Playing Catch-Up

Marine life can be slow- nudibranchs, jellyfish, sunfish, algae- but can also move at unbelievable speeds. Turtles may seem to take their time, but they whizz by under the boat daily and (I know from personal experience) don’t even have to exert themselves to outpace an intrusive camera-wielding diver. Even motivated dugongs, with their blubbery bulk, can pick up enough speed to evade good photography from a boat. But for the most part if left undisturbed and not on the hunt, marine mammals like dolphins and whales move at a fairly leisurely pace, taking a few shallow dives between breaths and then a longer dive below the surface.

That wasn’t the case at all when we met Pseudorca crassidens, the false killer whale. Somewhere upwards of thirty of them were spotted charging north along the outside reef, slicing through deep water and breaking the scattered whitecaps with seafoam of their own. Coming in relatively close to the boat and staying shallow, they didn’t seem to be disturbed by our presence (they have a reputation for enjoying boat races and wakes) but rather headed somewhere unknown on an urgent errand. At their speed and with spray over their short rostrums at every surfacing, they were near impossible to photograph, but fun to watch as the whole group flew by us. When we were surrounded, they were spread nearly as far as we could see through the swells, and we could turn any direction still expecting to see sleek black bodies in the waves.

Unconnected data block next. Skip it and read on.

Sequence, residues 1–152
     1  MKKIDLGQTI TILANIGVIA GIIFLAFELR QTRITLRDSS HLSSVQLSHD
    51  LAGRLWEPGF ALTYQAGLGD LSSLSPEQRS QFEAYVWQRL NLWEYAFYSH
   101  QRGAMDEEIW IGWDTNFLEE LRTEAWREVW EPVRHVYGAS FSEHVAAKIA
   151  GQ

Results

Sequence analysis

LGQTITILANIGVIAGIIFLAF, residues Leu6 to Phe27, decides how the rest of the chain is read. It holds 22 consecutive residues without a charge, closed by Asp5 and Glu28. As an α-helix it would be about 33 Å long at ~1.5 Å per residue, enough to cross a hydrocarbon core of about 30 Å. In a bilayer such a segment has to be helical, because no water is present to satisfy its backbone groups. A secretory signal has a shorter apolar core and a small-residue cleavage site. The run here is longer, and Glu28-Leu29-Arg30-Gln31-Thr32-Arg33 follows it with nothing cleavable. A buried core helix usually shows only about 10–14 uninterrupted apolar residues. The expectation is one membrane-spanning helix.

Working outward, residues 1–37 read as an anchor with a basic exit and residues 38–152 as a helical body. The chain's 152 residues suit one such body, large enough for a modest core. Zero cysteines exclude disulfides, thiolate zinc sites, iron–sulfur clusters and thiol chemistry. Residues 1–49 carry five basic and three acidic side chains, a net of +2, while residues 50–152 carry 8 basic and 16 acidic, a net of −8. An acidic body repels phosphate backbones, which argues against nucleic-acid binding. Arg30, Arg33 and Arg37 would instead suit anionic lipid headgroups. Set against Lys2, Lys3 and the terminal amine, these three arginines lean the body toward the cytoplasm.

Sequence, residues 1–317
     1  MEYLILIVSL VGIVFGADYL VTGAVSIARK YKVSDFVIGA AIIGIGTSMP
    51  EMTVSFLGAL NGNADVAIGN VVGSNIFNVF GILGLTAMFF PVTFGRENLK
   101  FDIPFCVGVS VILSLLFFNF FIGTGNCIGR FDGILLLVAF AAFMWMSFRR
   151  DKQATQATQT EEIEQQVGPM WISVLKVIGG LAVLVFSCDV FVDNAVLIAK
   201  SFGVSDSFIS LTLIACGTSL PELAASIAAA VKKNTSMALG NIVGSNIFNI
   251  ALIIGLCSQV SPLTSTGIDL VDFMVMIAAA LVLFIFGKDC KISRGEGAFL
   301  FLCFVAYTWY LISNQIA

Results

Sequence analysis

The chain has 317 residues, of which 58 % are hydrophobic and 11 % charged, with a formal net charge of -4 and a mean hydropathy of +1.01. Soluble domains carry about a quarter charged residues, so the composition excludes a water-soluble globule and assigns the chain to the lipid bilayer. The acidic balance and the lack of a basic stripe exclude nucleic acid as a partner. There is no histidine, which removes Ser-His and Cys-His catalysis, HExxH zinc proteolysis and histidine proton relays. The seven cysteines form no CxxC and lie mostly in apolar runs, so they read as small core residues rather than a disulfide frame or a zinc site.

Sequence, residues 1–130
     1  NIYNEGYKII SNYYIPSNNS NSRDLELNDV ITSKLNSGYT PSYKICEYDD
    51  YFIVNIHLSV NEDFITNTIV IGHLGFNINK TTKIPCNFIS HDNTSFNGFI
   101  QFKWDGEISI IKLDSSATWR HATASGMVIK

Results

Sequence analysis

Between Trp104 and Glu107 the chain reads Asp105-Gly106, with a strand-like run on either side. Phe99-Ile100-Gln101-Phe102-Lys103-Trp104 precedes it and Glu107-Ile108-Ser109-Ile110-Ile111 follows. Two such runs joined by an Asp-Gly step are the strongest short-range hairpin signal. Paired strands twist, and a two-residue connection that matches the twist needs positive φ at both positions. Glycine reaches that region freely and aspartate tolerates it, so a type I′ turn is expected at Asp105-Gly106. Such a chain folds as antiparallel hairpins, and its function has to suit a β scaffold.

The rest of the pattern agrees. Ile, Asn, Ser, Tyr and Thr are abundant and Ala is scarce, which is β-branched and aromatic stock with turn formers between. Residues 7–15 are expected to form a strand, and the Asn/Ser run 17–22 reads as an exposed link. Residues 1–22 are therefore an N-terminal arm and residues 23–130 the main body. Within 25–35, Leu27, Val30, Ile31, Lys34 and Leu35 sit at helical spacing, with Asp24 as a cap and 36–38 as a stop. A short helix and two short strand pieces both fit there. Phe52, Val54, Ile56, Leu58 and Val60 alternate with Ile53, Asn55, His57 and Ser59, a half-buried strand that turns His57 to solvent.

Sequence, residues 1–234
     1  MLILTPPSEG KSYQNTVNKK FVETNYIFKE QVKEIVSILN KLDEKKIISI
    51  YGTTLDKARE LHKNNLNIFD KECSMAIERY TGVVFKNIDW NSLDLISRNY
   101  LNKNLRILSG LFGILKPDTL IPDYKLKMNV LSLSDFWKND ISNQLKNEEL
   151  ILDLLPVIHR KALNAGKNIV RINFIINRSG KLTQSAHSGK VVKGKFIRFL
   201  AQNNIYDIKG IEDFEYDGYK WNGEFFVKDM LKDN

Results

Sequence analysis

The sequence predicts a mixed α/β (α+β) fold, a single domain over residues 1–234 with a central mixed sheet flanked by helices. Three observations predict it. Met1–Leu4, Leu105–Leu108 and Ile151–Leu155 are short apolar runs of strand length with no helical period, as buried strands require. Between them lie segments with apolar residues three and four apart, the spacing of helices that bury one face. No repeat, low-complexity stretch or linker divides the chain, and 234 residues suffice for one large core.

In the wake of these odontocetes (toothed whales), we spotted two different sailfishes. Although they are sometimes said to be traveling with the false killer whales, the orca research boat that pulled up alongside us for a chat informed us that they were more likely scared out of the way by the oncoming pod and are seen at the surface somewhat dazed, tired from avoiding the whales. These didn’t seem at their peak- sailfishes are supposed to be among the fastest in the ocean, but one allowed us to pull the boat (and GoPro) up alongside:


I was worried I had the little camera (on the end of a long pole, which was catching an alarming amount of drag as we drove through the water) pointed in entirely the wrong direction to catch the big fish, but after looking at the photos, there it was. When the boat got close it dove, but only a little, and hovered around below the water for nearly a minute before disappearing deeper into the blue.

All of this is a big stupid metaphor for the fact that I haven’t blogged as much in the past few days and have a backlog of photos from this fast-paced trip that I just haven’t been able to keep up with. I haven’t even written yet about dingoes (70% on the West Coast here are pure dingo; only 5% on the East Coast can claim that level of genetic isolation from dogs; we almost certainly saw a crystalline example of Canis lupus dingo the other day on the road) or baby emus or sea snakes, and tomorrow we’ll be snorkeling and I’ll have even more to talk about. Life moves fast and even the biggest and most impressive things slip away, but I’m just going to keep moving anyways.

This is Agent Red Squirrel, sprinting off for the next adventure!